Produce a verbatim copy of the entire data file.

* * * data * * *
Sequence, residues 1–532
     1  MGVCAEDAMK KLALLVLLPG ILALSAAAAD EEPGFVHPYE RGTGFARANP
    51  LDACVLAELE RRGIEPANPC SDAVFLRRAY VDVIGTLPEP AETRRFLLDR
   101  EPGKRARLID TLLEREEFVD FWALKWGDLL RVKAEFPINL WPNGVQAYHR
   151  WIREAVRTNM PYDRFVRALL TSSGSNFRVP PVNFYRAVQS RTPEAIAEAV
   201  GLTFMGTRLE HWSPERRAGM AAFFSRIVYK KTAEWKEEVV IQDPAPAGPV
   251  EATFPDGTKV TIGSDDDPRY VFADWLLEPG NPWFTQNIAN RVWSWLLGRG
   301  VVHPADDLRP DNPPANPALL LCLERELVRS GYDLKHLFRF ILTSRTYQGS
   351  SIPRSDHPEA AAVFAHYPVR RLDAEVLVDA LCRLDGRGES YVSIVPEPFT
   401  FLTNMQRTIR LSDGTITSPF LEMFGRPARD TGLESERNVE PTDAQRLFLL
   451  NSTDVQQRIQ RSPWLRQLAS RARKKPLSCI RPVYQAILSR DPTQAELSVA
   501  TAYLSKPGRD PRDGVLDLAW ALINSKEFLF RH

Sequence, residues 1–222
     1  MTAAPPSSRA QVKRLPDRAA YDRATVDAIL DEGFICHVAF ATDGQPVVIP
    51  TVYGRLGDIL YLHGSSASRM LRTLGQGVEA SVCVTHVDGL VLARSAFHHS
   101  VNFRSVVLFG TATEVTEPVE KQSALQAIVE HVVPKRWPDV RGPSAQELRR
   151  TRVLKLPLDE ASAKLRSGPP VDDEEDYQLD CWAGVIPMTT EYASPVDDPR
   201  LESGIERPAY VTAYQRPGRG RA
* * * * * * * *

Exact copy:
Sequence, residues 1–532
     1  MGVCAEDAMK KLALLVLLPG ILALSAAAAD EEPGFVHPYE RGTGFARANP
    51  LDACVLAELE RRGIEPANPC SDAVFLRRAY VDVIGTLPEP AETRRFLLDR
   101  EPGKRARLID TLLEREEFVD FWALKWGDLL RVKAEFPINL WPNGVQAYHR
   151  WIREAVRTNM PYDRFVRALL TSSGSNFRVP PVNFYRAVQS RTPEAIAEAV
   201  GLTFMGTRLE HWSPERRAGM AAFFSRIVYK KTAEWKEEVV IQDPAPAGPV
   251  EATFPDGTKV TIGSDDDPRY VFADWLLEPG NPWFTQNIAN RVWSWLLGRG
   301  VVHPADDLRP DNPPANPALL LCLERELVRS GYDLKHLFRF ILTSRTYQGS
   351  SIPRSDHPEA AAVFAHYPVR RLDAEVLVDA LCRLDGRGES YVSIVPEPFT
   401  FLTNMQRTIR LSDGTITSPF LEMFGRPARD TGLESERNVE PTDAQRLFLL
   451  NSTDVQQRIQ RSPWLRQLAS RARKKPLSCI RPVYQAILSR DPTQAELSVA
   501  TAYLSKPGRD PRDGVLDLAW ALINSKEFLF RH

Sequence, residues 1–222
     1  MTAAPPSSRA QVKRLPDRAA YDRATVDAIL DEGFICHVAF ATDGQPVVIP
    51  TVYGRLGDIL YLHGSSASRM LRTLGQGVEA SVCVTHVDGL VLARSAFHHS
   101  VNFRSVVLFG TATEVTEPVE KQSALQAIVE HVVPKRWPDV RGPSAQELRR
   151  TRVLKLPLDE ASAKLRSGPP VDDEEDYQLD CWAGVIPMTT EYASPVDDPR
   201  LESGIERPAY VTAYQRPGRG RA